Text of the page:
At DC and at Marvel both, in each case where I’ve developed a book it at ended up being at Image, I thought about for first Vertigo and then Marvel. And then stopped myself dead before I did. Because the relationship in editorial is such that there’s baggage at DC Comics and there’s baggage at Marvel Comics that precludes us from doing stuff that offends and appalls. You just can’t do it. Years ago Jennete Kahn kept telling me I should have brought American Flagg! to her in 1982 and I insisted, but she argued with me, but I was right; DC would never have published the book that came out under those terms. They would have always stepped in the way. I experience it now. If I do an Anti-Semitic joke in a DC comic book I know it’s going to get cut. I do it there to get some attention. Just to remind them to pay attention. Both companies represent a corporate landscape that cannot be abridged. And that’s really what the issue is for me.

Cat Staggs: Yeah the biggest difference definitely creative control and freedom to do things that you would never be able to do. You don’t have 70 years of history on something you are working on.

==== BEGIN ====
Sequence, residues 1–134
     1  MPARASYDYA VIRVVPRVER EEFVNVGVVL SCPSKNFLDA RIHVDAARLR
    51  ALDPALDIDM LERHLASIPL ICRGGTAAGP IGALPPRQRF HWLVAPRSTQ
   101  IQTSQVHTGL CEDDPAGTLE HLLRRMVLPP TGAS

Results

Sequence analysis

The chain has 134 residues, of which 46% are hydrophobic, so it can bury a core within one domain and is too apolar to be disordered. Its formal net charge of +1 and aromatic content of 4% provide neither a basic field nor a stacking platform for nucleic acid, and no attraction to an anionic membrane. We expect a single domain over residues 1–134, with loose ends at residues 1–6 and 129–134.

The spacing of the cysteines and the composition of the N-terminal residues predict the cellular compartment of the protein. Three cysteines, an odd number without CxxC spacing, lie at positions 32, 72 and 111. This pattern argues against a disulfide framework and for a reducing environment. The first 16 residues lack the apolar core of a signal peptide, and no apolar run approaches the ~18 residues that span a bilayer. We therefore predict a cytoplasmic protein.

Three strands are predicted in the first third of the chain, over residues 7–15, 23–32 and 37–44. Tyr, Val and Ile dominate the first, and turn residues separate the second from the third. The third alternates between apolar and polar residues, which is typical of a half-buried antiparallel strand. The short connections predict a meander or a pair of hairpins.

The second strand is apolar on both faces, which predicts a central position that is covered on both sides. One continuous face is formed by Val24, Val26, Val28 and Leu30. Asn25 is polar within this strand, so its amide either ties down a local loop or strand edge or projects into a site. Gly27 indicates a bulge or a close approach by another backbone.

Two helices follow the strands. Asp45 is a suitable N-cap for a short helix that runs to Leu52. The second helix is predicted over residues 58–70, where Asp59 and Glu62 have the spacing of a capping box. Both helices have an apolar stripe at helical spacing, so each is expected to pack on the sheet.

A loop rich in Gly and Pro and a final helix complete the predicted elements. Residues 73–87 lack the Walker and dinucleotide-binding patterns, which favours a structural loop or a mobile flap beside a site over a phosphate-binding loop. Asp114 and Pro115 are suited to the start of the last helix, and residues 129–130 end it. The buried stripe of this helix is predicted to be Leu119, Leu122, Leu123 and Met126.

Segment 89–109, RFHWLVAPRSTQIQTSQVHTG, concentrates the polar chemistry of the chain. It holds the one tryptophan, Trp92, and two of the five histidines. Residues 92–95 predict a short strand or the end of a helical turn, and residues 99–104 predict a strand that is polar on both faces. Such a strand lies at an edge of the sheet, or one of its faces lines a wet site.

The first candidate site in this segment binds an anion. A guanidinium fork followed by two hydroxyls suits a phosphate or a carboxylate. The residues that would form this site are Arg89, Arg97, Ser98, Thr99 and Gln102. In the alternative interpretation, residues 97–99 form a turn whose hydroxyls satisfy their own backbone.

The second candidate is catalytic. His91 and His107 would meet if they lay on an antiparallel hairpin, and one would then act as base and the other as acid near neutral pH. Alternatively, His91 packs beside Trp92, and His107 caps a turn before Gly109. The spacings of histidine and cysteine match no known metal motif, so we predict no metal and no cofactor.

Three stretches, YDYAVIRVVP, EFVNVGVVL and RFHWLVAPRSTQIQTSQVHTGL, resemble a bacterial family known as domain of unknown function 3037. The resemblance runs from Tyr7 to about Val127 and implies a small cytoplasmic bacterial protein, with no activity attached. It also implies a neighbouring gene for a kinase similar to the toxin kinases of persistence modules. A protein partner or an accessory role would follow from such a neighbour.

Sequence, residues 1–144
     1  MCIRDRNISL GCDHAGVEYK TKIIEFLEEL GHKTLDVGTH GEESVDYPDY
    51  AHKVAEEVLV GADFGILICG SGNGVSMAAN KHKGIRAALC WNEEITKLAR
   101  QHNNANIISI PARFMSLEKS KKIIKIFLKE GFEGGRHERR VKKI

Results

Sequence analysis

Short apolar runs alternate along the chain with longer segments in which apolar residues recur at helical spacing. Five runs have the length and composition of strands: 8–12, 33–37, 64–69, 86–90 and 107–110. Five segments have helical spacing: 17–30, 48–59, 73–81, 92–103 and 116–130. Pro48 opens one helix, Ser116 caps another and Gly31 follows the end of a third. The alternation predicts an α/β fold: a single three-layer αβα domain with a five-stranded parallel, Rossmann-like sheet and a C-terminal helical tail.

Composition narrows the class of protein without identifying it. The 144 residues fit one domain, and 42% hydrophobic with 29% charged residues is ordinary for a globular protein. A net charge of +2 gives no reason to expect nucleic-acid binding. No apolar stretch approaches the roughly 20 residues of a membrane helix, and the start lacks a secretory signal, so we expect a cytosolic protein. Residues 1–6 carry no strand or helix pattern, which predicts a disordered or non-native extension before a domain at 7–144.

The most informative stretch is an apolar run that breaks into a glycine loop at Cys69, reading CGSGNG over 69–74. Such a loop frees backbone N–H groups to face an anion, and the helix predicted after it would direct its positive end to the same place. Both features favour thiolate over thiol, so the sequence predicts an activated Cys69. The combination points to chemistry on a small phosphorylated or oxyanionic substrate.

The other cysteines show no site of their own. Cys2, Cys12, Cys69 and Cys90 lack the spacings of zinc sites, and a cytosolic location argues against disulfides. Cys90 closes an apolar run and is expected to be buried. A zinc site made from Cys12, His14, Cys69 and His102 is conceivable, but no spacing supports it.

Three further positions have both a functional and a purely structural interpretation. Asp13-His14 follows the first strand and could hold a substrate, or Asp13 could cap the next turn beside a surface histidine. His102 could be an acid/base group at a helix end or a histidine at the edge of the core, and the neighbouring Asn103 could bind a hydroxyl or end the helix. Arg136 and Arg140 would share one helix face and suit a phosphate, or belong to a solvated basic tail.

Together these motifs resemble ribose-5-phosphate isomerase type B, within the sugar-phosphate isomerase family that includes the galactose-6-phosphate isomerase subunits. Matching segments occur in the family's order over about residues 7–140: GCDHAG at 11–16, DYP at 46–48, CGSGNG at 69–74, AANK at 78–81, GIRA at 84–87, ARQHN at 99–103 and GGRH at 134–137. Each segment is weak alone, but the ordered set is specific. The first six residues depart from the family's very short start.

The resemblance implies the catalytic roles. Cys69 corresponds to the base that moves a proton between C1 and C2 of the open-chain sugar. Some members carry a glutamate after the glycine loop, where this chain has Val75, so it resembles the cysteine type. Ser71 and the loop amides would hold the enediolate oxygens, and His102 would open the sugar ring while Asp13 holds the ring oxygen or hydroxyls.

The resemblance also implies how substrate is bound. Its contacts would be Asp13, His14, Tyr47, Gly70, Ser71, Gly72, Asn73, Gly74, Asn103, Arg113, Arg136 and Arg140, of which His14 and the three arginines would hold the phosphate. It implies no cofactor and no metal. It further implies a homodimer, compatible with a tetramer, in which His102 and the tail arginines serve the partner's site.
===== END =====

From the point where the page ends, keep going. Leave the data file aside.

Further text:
Greg Rucka: But Marvel and DC, they trade on, they trade on characters that are known globally and they trade on the glitter that says ‘Hey you want a little Wonder Woman on ya?’ ‘Hey want a little Batman?’ And people will eat a lot of shit to say ‘I’m writing Batman.’ That’s the truth of it. And what Image has demonstrated, and both Marvel and DC are aware of this, is theirs is a better deal for talent to be found. So each company, in my opinion, is aware of this and is attempting to address this in different ways.

The fact of the matter is (points to audience) you’re wearing a Vertigo shirt and I’ll tell you right now the creator-ownership deal at Vertigo stinks. There’s a reason I’ve never done a book at Vertigo. Because every time they come around and say ‘you want to do something at Vertigo’ I say ‘What’s the deal?’ They say it’s the same deal as it was last time and I say ‘no thank you.’ I would like to own the rights to my thing. Alright?